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After numerous successful appearances in Puerto Rico and Cuba, Albéniz went to Leipzig in May 1876 to study composition with Salomon Jadassohn (whose pupils included Grieg, Delius and Busoni) and Carl Reinecke (teacher of composers as diverse as Bruch and Janácvek), but withdrew after two months. Albéniz returned briefly to Spain where the royal family awarded him a scholarship to study at the conservatoire in Brussels, where he arrived in October 1876. He studied the piano with Louis Brassin, and in 1879 shared a first prize in the annual piano concours with Arthur de Greef. Albéniz wanted to pursue a career as a piano virtuoso and set out to ask the great Franz Liszt for lessons. Albéniz wrote in his diary: ‘I have visited Liszt. He received me in the most amiable manner. I played two of my Etudes and a Hungarian Rhapsody. To all appearances he was much pleased with me, especially when I improvised a complete dance on a Hungarian theme … I am to return the day after tomorrow.’ This was pure fabrication: it seems Albéniz never even met Liszt, let alone studied with him. His classmate Arthur de Greef did become a Liszt pupil at the time, and that may have encouraged Albéniz to invent this tallest of stories about his student years—an embellishment that was intended to enhance his reputation back in Spain.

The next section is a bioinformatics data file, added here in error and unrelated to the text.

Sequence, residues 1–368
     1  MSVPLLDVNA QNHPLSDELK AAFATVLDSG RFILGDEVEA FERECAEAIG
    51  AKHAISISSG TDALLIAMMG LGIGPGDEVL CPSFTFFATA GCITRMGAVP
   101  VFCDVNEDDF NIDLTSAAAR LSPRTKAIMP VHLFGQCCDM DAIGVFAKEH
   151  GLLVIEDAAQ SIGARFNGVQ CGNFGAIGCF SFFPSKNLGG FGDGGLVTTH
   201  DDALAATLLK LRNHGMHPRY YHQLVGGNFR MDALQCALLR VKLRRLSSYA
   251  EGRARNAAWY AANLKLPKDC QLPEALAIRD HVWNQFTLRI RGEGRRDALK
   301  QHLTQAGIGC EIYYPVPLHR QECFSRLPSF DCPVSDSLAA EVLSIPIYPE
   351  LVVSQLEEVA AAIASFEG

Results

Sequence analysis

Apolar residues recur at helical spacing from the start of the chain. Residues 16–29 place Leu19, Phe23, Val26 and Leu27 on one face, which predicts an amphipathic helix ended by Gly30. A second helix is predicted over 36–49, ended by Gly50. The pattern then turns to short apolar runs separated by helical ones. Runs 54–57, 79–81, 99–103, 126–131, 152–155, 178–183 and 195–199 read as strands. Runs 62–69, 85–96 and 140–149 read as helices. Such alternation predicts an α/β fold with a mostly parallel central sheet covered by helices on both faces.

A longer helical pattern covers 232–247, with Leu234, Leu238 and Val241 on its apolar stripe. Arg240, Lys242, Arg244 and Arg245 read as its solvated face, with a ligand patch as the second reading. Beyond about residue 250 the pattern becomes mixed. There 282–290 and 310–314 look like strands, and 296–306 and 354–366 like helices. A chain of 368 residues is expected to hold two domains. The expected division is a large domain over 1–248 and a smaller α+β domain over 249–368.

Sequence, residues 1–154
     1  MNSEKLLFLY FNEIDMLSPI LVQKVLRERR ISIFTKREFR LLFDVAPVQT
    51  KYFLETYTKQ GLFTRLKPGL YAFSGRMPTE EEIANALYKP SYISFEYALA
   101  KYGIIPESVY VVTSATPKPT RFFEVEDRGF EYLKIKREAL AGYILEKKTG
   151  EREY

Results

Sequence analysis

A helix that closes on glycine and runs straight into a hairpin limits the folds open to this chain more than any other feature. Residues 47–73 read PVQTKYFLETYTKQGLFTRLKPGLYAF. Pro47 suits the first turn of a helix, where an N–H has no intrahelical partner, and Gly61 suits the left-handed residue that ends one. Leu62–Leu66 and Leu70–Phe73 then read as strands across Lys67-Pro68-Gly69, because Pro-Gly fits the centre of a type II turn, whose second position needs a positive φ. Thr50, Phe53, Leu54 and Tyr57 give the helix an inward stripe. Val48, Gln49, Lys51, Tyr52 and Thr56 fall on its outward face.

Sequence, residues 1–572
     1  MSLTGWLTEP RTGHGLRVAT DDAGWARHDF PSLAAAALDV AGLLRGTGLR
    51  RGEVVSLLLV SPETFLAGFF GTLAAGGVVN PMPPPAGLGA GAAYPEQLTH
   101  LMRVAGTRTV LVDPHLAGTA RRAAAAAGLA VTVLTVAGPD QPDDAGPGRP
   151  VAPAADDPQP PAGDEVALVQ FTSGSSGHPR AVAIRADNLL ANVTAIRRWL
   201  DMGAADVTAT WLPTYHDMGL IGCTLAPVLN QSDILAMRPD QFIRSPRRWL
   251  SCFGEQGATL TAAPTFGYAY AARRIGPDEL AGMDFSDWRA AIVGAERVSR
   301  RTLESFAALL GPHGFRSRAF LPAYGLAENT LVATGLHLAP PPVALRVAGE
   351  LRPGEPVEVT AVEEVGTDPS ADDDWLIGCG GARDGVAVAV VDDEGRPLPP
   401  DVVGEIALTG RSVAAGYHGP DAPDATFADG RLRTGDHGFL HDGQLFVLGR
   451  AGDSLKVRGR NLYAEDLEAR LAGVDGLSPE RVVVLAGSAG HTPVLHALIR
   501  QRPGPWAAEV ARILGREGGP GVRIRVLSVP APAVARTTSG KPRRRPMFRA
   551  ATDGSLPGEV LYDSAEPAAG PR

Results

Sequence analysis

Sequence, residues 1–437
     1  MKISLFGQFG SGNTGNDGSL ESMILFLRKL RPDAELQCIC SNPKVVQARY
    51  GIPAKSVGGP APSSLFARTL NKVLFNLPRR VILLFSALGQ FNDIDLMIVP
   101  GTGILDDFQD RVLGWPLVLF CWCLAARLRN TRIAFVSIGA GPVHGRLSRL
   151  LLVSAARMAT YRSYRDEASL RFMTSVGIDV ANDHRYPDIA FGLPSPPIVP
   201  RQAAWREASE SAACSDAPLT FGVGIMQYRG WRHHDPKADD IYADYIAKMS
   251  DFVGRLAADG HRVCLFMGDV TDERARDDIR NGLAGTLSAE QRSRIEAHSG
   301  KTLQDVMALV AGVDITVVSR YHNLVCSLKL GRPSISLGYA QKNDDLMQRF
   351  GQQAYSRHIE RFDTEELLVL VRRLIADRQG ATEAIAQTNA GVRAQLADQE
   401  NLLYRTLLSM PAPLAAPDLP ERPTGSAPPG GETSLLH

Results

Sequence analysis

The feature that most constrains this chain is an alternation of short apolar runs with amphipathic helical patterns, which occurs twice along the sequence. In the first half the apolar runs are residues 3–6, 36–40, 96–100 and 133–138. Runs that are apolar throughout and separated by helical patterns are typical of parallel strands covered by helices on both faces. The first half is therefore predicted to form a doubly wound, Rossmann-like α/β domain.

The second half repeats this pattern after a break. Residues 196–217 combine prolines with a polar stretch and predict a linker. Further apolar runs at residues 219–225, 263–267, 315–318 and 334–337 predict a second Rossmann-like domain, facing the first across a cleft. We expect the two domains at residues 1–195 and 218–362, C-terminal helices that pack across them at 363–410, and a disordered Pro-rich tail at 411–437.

In 1883 Albéniz began to study composition with Felipe Pedrell (1841–1922), the musician who did more than any other to encourage an exploration of Spanish folk music as a way of developing a distinctive national style. The same year, he fell in love and subsequently married Rosina Jordana Lagarriga. Albéniz was now in his early twenties, and under Rosina’s calming influence, and inspired by Pedrell, he began composing a series of works that evoked the sounds and sights of Spain, most of them for solo piano.